There are several problems with Hush, however. Most of them are rather apparent, but some lie in the details. While many critics complain about the Schaech character being too dumb for his own good, I think he is actually quite effective (I will explain later). The problem lies in the actual presentation of the story. Director Jonathan Darby isn't able to hold together a decent pace, making some scenes riveting, while others boring and dull. Overall, there are more scenes of the latter. Some include the preposterous, as when Helen and Jackson begin taking each other's clothes off in the middle of the hallway. Martha walks back in and stares at them. She smiles, and then walks back into her room. During another moment, I tried to remember if those steam machines had handles on them for cold water. I can't recall that they do. But mostly, Hush relies on a lot of coincidental plot tricks, as when Helen decides to check out the room above the barn ("The light was on..."). I would also like to know if the same medicine that is used for horses can be used for humans, or if that was just to move the plot along. I also noticed that one scene in the trailers of Hush was cut out of the film (The part involving the poison in the bathroom). But despite all these flaws, the cast does come through as fun and appealing.

Jessica Lange has proven to be quite a reliable actress. It seems that she excels at playing these crazy characters, although sometimes she'll give a bravura performance as in Blue Sky. This is probably one of her better performances, as she is very fun to watch. The only problem I can see is that the producers were trying to make her look more crazy than the character needed to be. I began to feel sorry for her character, even towards the end of the film. This isn't Lange's fault, as she gave a very good performance. Gwyneth Paltrow is also appealing in the cast, giving the film some emotional depth. As for Schaech, he surprisingly gives a decent performance. Other critics complain that his character is too slow to catch on, but I disagree. First, you have to put yourself in his position. You lived with your mother for years and years, but have only lived with your wife for a couple of years. Whom would you believe in this situation? Everything Lange does, Schaech is probably used to, and he doesn't think it is very strange. Another performance deserves to be noted, and that is by Nina Foch. Her wiseacre character is hilarious and adds a lot of humor that could have been used more throughout the film. She also provides the best line in the film ("I am answering, but you can't see my finger!"). A very good cast which is forced to plod through this uneven plot.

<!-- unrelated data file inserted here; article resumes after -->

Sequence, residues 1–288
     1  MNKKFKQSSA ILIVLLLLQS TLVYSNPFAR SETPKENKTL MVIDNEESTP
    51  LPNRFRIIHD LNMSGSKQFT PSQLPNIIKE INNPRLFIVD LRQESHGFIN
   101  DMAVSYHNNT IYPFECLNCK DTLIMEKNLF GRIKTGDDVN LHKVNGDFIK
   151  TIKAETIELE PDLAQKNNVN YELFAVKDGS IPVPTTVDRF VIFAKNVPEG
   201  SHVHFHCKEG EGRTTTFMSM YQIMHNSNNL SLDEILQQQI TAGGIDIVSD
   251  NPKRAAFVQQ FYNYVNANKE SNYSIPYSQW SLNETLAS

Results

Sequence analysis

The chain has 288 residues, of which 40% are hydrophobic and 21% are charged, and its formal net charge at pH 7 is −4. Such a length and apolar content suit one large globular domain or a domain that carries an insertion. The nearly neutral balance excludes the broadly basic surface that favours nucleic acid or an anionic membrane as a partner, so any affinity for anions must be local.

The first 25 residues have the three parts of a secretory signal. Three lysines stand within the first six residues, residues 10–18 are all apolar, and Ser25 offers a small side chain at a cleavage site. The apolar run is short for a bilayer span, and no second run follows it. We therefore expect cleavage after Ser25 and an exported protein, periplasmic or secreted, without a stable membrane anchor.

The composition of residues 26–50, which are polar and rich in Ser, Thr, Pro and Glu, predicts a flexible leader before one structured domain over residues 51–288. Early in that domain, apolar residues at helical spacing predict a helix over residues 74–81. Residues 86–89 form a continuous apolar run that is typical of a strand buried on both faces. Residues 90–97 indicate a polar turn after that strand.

Hush is rated PG-13 for some violence, sensuality and brief strong language. There is a brief glimpse of Paltrow naked, but it's very quick. There is a graphic description of how horse-breeders "help" the horses mate, though it's not as graphic as it could have been. Surprisingly, the language is nearly non-existent, though a few words (including on f-word) are rather harsh and unnecessary. While the screenplay and plot may not be original or very good, the cast does its best to make the film enjoyable. For the most part, they succeed. But sometimes, they fall victim to contrivance and coincidence, and that makes Hush a mild disappointment.

**1/2 out of ****

Reviews by Boyd Petrie